A vital part of marketing is knowing who your competition is and always knowing what they are up to. The entrepreneur who ignores his competition is a fool (gee, was that too harsh?) and is always destined to fail, as proven by the fifty-five percent of the dead businesses in the survey who either didn't even know who their competition was or simply chose to ignore the competition altogether.
Here's a nice hole in the sand for you, sir.
Please insert your headů
Another mistake made by forty-seven percent of the deceased businesses was that they relied on just one or two customers for the bulk of revenues. This is a common mistake made by many business owners who devote all their energy to one huge client. What they don't seem to understand is that if that one customer goes away, so does most of their revenue.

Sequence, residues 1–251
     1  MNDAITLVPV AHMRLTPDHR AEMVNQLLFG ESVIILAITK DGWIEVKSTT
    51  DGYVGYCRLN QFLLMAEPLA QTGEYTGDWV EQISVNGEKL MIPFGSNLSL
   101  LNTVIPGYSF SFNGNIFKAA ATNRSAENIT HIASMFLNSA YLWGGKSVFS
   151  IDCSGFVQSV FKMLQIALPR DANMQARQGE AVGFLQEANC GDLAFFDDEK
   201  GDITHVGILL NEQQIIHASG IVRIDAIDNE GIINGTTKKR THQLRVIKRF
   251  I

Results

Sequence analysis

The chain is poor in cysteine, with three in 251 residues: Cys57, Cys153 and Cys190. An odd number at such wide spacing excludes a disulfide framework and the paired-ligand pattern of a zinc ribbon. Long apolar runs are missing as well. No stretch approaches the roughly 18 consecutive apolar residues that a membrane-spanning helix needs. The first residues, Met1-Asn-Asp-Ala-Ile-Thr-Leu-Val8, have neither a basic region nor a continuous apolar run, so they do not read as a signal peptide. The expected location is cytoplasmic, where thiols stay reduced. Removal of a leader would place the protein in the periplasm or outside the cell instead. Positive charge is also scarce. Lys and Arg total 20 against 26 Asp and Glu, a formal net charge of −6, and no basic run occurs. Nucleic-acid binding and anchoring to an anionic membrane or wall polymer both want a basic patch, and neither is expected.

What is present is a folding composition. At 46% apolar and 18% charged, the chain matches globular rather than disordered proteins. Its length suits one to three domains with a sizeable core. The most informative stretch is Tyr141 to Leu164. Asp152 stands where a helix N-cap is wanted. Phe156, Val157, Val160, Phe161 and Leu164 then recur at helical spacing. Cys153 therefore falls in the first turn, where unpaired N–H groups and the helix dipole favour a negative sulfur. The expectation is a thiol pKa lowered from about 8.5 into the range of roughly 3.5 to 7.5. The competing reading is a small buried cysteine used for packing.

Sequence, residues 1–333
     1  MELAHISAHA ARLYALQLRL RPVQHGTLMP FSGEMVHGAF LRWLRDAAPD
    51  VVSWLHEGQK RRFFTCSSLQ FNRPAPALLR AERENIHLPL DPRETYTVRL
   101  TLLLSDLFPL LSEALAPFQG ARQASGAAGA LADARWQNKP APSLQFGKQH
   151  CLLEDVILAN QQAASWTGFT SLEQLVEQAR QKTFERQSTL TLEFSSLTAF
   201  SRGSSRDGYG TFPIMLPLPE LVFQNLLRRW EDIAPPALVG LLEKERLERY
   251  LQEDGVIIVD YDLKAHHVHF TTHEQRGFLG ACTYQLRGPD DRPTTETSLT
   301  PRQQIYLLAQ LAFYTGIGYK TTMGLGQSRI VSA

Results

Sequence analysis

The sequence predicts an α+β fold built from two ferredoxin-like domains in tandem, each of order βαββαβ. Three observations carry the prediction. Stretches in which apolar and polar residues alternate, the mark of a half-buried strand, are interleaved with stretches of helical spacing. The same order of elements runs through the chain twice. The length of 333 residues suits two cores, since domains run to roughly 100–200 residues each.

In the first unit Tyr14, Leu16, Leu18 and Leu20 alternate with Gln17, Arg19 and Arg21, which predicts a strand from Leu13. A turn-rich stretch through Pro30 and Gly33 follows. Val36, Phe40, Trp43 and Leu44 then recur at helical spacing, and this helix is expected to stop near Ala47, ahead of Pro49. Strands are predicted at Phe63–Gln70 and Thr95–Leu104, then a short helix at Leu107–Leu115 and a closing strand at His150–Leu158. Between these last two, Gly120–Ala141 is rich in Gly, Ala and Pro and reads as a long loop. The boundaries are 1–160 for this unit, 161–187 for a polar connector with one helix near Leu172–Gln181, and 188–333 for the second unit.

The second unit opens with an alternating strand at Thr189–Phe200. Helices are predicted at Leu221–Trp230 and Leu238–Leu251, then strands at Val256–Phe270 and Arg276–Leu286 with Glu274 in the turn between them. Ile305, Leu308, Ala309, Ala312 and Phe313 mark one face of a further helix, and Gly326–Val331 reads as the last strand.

When performing your business autopsy you might identify other contributing factors that were beyond your control, such as a down economy, the lack of qualified employees, new government regulations that negatively affect the way you must do business, the failure of a strategic partner, etc..
There will always be things you can't control. The key to business success is to keep control of those things you can and do everything you can to prepare for those things you can't.
Next time we'll discuss a few things you should and should not do to help ensure your business success.
Here's to your success.
Tim Knox firstname.lastname@example.org For information on starting your own online or eBay business, visit http://www.dropshipwholesale.net
About the Author: Tim Knox
Entrepreneur, Author, Speaker
Tim Knox is a nationally-known small business expert who writes and speaks
frequently on the topic.
For more information or to contact Tim please visit one of his sites below.